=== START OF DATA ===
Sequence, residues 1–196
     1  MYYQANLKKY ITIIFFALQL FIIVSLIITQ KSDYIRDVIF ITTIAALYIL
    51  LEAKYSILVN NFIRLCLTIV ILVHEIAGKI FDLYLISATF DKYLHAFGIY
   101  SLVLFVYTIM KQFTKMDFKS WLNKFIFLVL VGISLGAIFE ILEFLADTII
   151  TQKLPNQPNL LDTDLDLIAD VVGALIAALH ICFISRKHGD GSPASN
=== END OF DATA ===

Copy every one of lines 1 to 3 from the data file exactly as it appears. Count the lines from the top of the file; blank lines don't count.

Sequence, residues 1–196
     1  MYYQANLKKY ITIIFFALQL FIIVSLIITQ KSDYIRDVIF ITTIAALYIL
    51  LEAKYSILVN NFIRLCLTIV ILVHEIAGKI FDLYLISATF DKYLHAFGIY